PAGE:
In the sacrament of the Eucharist the gracious Shepherd of our souls performs in particular three offices for us : He is our sacrifice, our silent patient friend, and in communion He becomes the actual spiritual food of our souls. As a victim He is daily and constantly, from the rising to the setting of the sun, lifted up for us in the holy sacrifice of the mass. The mass is the perpetuation of the sacrifice He offered long ago for our redemption. All the altars throughout the world, on which He is ever born and dies again in mystic repetition, are but an extension of the one great altar of Calvary, where first He gave His life for our salvation. And in this real and awful sacrifice, forever repeated in our midst, He pleads again our cause with God, the eternal Father. Again in a mystic manner He suffers for us, again He bleeds, again He is nailed to the cross and raised on high, and in that same abandoned, pitiable state, to which His love for His flock has reduced Him, ever and anon in our behalf He pleads: "Father forgive them, for they know not what they do! 16 Holy Father, Powerful God, stay Thy avenging hand! and save the souls which Thou hast created for Thyself, and for which till the end of time I die!" He lifts, as it were, before the great white throne, His bruised and blood-stained hands, He shows those wounded feet, the scar of the spear in His sacred side ; He points again to the agony in the garden, to the scourging at the pillar, to the cruel crown of thorns, to the weary way of the cross, and exclaims to Him who sits upon the throne, "Behold, my Father, and see the price of my sheep, the tears and sorrow and blood they have cost me! and spare them and save them for the sake of Thy Son!"
Through the holy sacrifice of the mass, identical as it is with the sacrifice of Calvary, all the merits of Christ's life and death are applied to our souls. By His physical and bloody immolation on Calvary, Christ purchased for us infinite treasures of grace, and it is His will that these graces shall be dispensed to us, even till the end of the world, through the august sacrament of the altar. Moreover, except for the mass, we should not be blessed with the abiding actual presence of our divine Shepherd among us—that is, we should not possess Him in that special, intimate manner in which we now have Him in the Eucharist. For it is only in the mass that the sacred species are consecrated; and consequently it is through the mass alone that He takes up His sacramental presence in our midst and becomes our food in holy communion. He could, indeed, have ordained it otherwise, but such has been His blessed will, and such the condition in which we are placed by the direction of His holy Church.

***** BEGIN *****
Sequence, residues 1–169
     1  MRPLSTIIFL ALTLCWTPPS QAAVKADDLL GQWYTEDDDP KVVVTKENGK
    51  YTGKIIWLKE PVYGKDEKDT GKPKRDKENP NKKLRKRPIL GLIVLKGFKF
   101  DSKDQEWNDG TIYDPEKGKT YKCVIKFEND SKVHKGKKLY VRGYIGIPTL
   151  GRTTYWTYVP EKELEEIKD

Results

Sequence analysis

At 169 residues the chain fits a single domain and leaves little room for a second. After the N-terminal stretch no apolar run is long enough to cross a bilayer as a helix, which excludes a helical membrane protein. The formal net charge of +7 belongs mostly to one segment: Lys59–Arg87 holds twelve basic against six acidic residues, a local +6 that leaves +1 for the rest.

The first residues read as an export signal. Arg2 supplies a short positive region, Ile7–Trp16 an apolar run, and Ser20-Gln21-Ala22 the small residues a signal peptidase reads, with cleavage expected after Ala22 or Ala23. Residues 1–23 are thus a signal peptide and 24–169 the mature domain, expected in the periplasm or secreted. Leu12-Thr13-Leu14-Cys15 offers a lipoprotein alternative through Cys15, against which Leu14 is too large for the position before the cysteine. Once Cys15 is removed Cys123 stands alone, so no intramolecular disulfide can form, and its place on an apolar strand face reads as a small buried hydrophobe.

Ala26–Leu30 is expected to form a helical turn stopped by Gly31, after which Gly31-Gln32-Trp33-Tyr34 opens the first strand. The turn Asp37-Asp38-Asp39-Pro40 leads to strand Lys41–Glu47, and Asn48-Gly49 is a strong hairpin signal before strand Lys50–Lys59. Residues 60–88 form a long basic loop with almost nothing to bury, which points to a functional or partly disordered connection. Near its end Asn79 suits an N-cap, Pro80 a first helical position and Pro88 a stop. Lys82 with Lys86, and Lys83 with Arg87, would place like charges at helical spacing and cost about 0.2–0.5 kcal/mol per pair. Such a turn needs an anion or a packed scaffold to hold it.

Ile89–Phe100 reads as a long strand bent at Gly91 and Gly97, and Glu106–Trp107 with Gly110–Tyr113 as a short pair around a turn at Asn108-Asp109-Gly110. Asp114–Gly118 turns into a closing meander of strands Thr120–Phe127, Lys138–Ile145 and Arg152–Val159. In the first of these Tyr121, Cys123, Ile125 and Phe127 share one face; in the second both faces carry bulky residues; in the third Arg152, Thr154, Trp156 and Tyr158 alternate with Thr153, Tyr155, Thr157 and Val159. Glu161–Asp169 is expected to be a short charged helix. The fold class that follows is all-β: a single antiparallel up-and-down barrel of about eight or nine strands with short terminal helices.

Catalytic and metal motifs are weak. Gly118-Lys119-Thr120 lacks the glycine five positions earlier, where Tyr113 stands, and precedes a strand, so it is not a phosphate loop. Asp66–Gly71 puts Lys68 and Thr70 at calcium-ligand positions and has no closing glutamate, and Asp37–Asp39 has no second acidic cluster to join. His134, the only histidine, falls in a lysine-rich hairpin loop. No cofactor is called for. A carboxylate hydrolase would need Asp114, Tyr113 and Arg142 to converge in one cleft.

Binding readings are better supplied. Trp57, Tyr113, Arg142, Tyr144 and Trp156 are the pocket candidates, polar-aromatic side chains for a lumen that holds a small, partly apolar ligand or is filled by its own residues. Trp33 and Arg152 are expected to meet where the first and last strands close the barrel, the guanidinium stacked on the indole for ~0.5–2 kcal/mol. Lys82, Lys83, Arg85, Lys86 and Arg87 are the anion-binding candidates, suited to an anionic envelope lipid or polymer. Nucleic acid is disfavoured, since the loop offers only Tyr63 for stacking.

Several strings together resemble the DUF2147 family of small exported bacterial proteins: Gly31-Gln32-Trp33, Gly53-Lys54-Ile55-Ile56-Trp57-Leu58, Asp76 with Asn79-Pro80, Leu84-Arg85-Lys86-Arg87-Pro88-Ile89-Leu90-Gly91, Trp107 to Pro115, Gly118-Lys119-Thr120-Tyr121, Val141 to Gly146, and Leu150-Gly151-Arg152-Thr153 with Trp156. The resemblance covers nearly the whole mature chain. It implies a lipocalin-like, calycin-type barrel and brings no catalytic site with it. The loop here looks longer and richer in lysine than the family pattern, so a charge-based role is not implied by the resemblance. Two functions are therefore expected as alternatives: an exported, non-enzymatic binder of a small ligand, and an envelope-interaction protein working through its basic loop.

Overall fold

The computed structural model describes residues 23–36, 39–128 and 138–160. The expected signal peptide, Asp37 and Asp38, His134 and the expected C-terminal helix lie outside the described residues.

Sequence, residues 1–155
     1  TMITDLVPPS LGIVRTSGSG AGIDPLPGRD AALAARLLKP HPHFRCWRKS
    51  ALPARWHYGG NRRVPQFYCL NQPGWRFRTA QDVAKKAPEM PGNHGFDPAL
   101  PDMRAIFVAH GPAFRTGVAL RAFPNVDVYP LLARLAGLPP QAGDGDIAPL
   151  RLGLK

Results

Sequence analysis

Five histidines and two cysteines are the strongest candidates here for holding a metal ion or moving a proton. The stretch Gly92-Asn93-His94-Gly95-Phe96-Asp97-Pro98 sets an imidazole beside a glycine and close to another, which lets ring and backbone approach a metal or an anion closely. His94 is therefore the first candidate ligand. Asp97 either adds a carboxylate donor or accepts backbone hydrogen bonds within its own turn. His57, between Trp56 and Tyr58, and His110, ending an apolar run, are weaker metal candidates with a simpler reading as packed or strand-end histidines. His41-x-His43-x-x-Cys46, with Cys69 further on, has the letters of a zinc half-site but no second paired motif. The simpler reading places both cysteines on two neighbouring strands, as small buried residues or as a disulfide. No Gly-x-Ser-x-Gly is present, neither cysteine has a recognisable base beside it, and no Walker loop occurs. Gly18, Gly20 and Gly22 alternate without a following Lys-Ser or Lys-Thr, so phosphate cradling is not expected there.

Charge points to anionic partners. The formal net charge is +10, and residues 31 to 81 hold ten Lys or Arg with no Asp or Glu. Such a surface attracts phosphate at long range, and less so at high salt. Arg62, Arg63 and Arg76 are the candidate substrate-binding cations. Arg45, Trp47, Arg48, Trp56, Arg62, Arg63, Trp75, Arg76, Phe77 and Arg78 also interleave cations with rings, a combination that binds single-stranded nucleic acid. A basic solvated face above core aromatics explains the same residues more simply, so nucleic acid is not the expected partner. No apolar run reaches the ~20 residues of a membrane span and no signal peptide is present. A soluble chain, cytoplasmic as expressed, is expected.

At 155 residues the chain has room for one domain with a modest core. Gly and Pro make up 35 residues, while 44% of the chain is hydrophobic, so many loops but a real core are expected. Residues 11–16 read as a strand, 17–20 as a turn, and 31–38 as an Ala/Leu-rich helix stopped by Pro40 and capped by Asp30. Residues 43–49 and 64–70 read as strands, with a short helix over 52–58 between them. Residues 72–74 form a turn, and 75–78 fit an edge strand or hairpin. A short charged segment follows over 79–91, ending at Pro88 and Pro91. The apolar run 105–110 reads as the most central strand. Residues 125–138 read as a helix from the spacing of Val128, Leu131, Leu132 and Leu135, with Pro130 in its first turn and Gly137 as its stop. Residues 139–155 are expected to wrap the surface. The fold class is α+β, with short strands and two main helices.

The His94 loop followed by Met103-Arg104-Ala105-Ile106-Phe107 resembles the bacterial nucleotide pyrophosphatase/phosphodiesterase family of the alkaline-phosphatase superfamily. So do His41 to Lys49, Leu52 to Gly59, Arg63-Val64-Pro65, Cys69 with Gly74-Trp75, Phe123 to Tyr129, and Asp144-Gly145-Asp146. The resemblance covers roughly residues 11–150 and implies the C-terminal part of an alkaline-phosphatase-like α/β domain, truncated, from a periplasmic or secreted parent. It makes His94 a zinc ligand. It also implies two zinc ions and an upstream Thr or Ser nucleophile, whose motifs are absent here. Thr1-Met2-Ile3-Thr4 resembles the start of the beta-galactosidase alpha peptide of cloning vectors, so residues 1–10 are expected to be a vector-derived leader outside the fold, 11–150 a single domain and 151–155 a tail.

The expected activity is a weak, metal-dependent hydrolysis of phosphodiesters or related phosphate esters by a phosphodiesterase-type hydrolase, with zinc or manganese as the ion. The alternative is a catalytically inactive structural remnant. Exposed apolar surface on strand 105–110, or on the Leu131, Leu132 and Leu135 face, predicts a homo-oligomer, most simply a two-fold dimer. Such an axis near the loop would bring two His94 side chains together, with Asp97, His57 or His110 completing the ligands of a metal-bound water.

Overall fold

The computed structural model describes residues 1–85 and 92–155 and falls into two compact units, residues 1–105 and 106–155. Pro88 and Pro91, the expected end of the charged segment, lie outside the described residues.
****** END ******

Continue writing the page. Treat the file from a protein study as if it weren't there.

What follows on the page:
Besides being our daily sacrifice, then, under the appearance of bread and wine, besides ever prolonging in our midst that wondrous act of Calvary by which at once He liberated our race and reopened to us the gates of Heaven, the bounteous Shepherd of our souls enters into the tabernacles of our churches, and there in silent patient waiting He craves the love of our hearts and longs for our intimate friendship. He is not content alone to plead for us with God, His Father; He is not content continually to renew in our presence the tragic mystery by which at the end of His earthly labors, He procured us every blessing—no, over and above these sovereign acts of kindest benediction, He wishes to remain among us, and to converse with us, each and all, as a friend would converse with his friend. This is what He meant when He said by the mouth of His inspired writer, "my delights are to be with the children of men." As a Shepherd, His chiefest pleasure, as well as His supremest care, is to be with the flock He has purchased and loves. Yet it is a lonely life for our Shepherd-King, this abode in the silent tabernacle ; but it is all for love of us. He wishes to be there where we can find Him, where we can come to Him at any hour and speak to Him, to praise and thank Him for all His dear and endless gifts, to tell Him our needs and our sorrows, to open our breaking hearts to Him and reveal the secrets of our souls. This it is that He desires from us—the outpouring of our hearts and souls in His presence. This it is which renders unto Him that homage of faith and love and devotion that He came into the world to inspire. It will not do to say that, being God, He is acquainted with all our thoughts and aware of all our wants, for it is intimacy and confidence that He desires, the intimacy and confidence which alone can create a true and noble friendship. "I will call you no longer servants," He said to His disciples, "but I have called you friends ; the servant knoweth not what his Master doth, but a friend is admitted to confidence." " Christ in the tabernacle is our friend ; He has loved us unto the end, and He yearns for our love in return. Why is this? Why are we so precious in His eyes? What are we that the great Creator should at all be mindful of us? We must remember and ever bear in mind the lofty purpose which the Creator had in view when first He called us into being—the same purposeitwas which prompted our redemption and all the gracious dispensations that have followed thereupon—namely, that God, while achieving His own eternal honor and glory, might communicate to us a portion of His own ineffable blessedness. VVe were made for God, and not for the world, or for creatures, or for ourselves. And precisely because we are the possession and property of God, He wants us, soul and body, for Himself ; and in this blessed sacrament He calls to us individually, "Son, give Me thy heart;" " " come to Me, all you who are burdened, and I will refresh you." "come to Me and find rest for your souls, I will lead you beside the waters of quietness."